Some degrees in academia take two years, some take four. Apparently, getting your degree in the outdoors takes a heckuva lot more than that.
I’m still seeking my diploma in the Outdoors (concentration whitetails) after more than 20 years in search of America’s most sought-after game animal.
And this week was another lesson that professor Nature provided, leaving me as a stumped pupil hoping to not make the same mistake twice.
My hunting buddy Kenny and I made our near-annual trip to Western New York to chase whitetails with bow and arrow. It was its normally fantastic trip, yet neither of us were able to connect with a giant northern deer. I came the closest, yet never flung an arrow thanks to a minor hiccup by your faithful veteran blogger.
Let me set the scene.
It was chilly – a crisp morning with temperatures locked in the mid 20s. For any deer hunter who relies on their senses for how good a hunt could turn out, you would understand when I say it felt like a “deery” morning. Shortly after 9 a.m. I noticed a single doe standing in the woods. I decided to video her.
Shortly after I hit the record button, she made the all-too familiar glance behind her that signaled she was not alone. Was it a buck? I noticed another three deer walking toward her and figured those deer were the subject of her interest. I kept the video recording.
It was then that I heard the sound of a buck making a single, quick grunt. I quickly transitioned into hunter mode, pushing my camera arm out of the way in exchange for a clear lane to draw my bow. I kept the video camera recording, but the it was pointed at the tree I was perched in. As I reached to the other side of the tree for my bow, I could hear deer running toward me – a clear sign that this buck was bumping at least one of the does. In just a few short seconds, several deer went from 60 yards behind me, to being within 15-25 yards of my treestand.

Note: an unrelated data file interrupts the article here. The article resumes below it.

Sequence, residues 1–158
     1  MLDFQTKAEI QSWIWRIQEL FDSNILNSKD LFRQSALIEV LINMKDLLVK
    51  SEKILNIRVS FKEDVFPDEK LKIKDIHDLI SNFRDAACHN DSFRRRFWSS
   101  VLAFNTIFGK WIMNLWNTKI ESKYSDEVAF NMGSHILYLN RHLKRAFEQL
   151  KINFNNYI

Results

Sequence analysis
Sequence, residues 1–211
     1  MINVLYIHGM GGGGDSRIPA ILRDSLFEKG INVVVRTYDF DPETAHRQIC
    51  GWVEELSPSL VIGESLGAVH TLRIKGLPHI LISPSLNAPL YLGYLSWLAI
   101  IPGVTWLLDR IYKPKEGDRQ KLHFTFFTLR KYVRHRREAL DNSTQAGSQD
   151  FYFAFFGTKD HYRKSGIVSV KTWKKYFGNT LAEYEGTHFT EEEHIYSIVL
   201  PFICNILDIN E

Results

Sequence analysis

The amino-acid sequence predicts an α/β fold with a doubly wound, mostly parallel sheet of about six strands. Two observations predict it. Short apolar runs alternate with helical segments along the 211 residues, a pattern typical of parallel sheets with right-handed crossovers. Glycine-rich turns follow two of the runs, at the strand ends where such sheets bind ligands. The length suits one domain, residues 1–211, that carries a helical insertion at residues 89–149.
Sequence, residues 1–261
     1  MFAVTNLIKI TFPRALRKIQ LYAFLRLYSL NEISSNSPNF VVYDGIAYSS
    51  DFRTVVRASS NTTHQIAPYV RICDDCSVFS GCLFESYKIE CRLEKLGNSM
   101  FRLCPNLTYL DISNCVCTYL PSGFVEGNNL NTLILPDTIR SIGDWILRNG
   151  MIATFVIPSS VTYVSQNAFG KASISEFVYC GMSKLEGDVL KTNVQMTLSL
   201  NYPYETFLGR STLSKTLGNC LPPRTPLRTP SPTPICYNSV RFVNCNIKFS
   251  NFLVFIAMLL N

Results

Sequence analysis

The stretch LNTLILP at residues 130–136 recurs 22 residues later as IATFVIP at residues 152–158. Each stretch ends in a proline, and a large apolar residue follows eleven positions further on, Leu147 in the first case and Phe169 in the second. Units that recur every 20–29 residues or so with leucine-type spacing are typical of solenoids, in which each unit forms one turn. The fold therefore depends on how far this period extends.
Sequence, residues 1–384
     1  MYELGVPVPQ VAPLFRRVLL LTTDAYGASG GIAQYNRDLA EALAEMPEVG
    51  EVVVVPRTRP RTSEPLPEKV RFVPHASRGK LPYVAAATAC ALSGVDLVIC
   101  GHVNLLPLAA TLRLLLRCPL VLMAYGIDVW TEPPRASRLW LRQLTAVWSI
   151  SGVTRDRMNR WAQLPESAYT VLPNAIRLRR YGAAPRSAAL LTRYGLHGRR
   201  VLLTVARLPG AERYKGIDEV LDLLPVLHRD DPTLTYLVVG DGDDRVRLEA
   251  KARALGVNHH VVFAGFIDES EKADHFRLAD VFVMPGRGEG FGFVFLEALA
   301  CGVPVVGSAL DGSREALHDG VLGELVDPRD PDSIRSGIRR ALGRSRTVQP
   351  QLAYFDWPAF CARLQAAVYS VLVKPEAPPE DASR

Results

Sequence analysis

By the time I turned back around with bow in hand, a doe and the buck were glancing my direction. I was busted. And he was a shooter – A chocolate-horned heavy eight-point with an “ain’t happening” stare.
I knew my opportunity was gone. There would be no way to get my bow drawn and make an effective shot on the buck at that point. I decided to reach for my camera arm and try to steer it toward the buck to catch video of him before the doe and he took off. I was able to capture just a couple short moments of video. And it was over.
I knew at that point, because our trip to NY was so short, that this might be my last opportunity at a good buck this year with my bow. And a rookie mistake of not anticipating a possible buck being with those does ended up costing me.
Lesson learned. And there will be many more before this hunter receives his diploma.